Un impozit rusesc neobişnuit din vremea ţarului Petru cel Mare oglindit în numismatică / An Unusual Russian Tax from the Time of Peter the Great Reflected in Numismatics
|Limba de redactare||română|
|Excerpt||In Synadino collection, now in the collection of the National History Museum of Romania, contains an interesting counter issued in 1705 by the Russian Empire, during the reign of Peter the Great. The round bronze counter wears on its obverse a representation a nose, two lips and, the most interesting, a big moustache and a beard. It can be noticed also a countermark in the right field, with the Russian state's coat of arms: the great Russian double-headed eagle holding a sceptre in the dexter claw and an orb in the sinister, followed by the legend: ДEHГИ ВЗАТЫ (the cash were taken). On the reverse is depicted the Russian state's arms, the towheaded eagle with sceptre and orb; beneath them there is the date of the issuing: ΑѰЕΕ ΓΟДУ (year 1705). There are following the technical dates: AE, 5 gms/24 mm.
The counter was issued on the occasion of the new tax imposed by Peter the Great to all bearded people of his Empire. The counter was used as a certificate attesting the payment of the tax. The taxpayers were asked the hold always the counter, to prove the fulfilment of their duties. Besides this round counter, it was issued another counter, of rhombic shape, with a single face, struck in 1725, with the legend: БОРОДЬІ ПОШЛИНА ВЗАТА 1725 (the tax on the beard was taken). On the edge there is the legend: БΟΡΟДΑ ЛИШН TАГOТА (the beard is an extra burden). The counters were issued in silver and in bronze.
Imposing this tax, Peter the Great intended to change the Russian life style, too patriarchal in his view. The tsar’s answer to the landed gentry's protest is a very clear illustration of his ideas and feelings: "From ignorance our ancestors believed that without beard were not be able to reach to Heaven, although this place is open for all the honest people, with or without the beard, with wig or baldness". There are also known the measures taken in the changing of the Russian society old habits: the interdiction of the long clothes with long sleeves and their replacement with "Hungarian and German clothes for the glory and the adornment of the State". The high landed gentry and the clergy, ruled by Patriarch Adrian, in person, opposed against these innovations, and especially, against the tax on beard, because the beard was regarded as very prized adornment of the Orthodox Christians.
Starting with Peter's reform, the beard becomes object of quarrels between the advocates of the old system and those of the reformation, grouped around the tsar, for whom it was "not a need of the male countenance, but an exposure of the political wishes, a mark of the rebellion against the Russian Empire", so as can be observed from the legend on the edge of the rhombic counter. Peter the Great started the fight against the old symbols w i t h very roughs methods; as soon as after his returning from abroad (the 26th of August). He started himself to shave his Court gentry's beards.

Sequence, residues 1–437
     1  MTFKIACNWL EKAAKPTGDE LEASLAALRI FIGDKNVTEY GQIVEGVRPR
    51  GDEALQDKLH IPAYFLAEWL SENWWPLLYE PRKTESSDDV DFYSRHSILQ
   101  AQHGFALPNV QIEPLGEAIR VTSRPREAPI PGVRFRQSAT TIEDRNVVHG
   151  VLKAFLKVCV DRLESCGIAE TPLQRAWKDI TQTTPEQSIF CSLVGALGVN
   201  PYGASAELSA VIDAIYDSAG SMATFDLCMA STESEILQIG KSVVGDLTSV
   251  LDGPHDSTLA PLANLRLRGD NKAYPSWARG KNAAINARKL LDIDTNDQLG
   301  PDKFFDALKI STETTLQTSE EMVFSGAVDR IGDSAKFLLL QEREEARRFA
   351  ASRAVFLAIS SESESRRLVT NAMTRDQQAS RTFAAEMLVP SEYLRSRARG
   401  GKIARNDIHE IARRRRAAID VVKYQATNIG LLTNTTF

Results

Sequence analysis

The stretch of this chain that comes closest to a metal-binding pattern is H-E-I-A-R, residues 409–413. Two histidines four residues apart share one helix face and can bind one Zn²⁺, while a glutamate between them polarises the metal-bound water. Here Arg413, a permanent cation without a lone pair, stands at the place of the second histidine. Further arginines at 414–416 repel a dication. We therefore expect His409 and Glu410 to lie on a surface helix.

The outside look - the hair and the coat - became one of the basic conditions for choosing his officials. This tax was imposed to all his subjects, no matter of class or social status, and it was established according the taxpayers incomes, divided in five categories. Only the priests, the soldiers and the workers who built the new capital in Sankt-Petersburg were free of this new tax. The first class of tax-payers - the nobles of the Imperial Court, the court-servants, the high officials, the merchants and the inhabitants of the towns, payed 60 roubles. Those in the second class were the landowners, rich merchants, the owners of workshops - payed 100 roubles. The landowner servants, the workers on the mail coach composed the third category, the church servants, besides the priests and deacons - payed 60 roubles. The fourth category was composed by the inhabitants of Moscow, regardless their social status, have to pay 30 roubles. The fifth category - the peasants - payed two denga at the entry and the exit of the cities. This illustrated that Peter I intended by imposing this tax to accelerate the joining Russia to the European standards, in order to decrease the power of the landowners, that category which could become dangerous because of its estates and power. Peasants can observe this fact payed by the landowners and those payed. But it can't be forgotten the fact that in the budget of state needed new incomes. At that times the expenses of Russia were very big, due to the construction of the capital in Sankt- Petersburg to the wars with the Ottomans and the Sweden. It's interesting to analyse the results of the tax on beard. If we take into account Peter's intention to change the Russian lifestyle, it was an apparent success. The number of payers decrease very quickly (it's unknown if the number of the bearded people did the same). In 1714, three of four taxpayers vanished. It had to be mentioned that Peter the Great employed a great number of peasants as workers i n the building sewers in Sankt-Petersburg and in the army. So it appears a decrease of payers, independently from the results of the reform, because the workers in Sankt-Petersburg were tax-free, and the soldiers were compulsory shaved. But the tsar’s intention to find a resource of incomes for the great expenses at those times was a failure, although it was created a special department for collecting it. In 1720 the beard tax was estimated officially at 2148 roubles and 87 kopeiks. In 1722, the income of the beard tax was only 297 roubles and 20 kopeiks. The sum are extremely little for a state having tenth of millions of inhabitants. It is unknown the moment when the counter, issued in 1705 received a new value by countermarking the arms of the Russian Empire. The countermarking was used when the mints were unable to provide enough new money, or when a new face value was allowed to the old issues, without too big expresses, by recalling the currency and melting it down, to struck a new one. The countermarking of the counter could be done in 1722, when Peter issued an imperial decree ordering that anybody who wear beard to be obliged to wear a specific suite, or in 1725, at the same times with the issuing of the second type of counter. It is possible that the mints of Russian Empire hadn't had a sufficient capacity to produce each year the required quantity of millions of counters.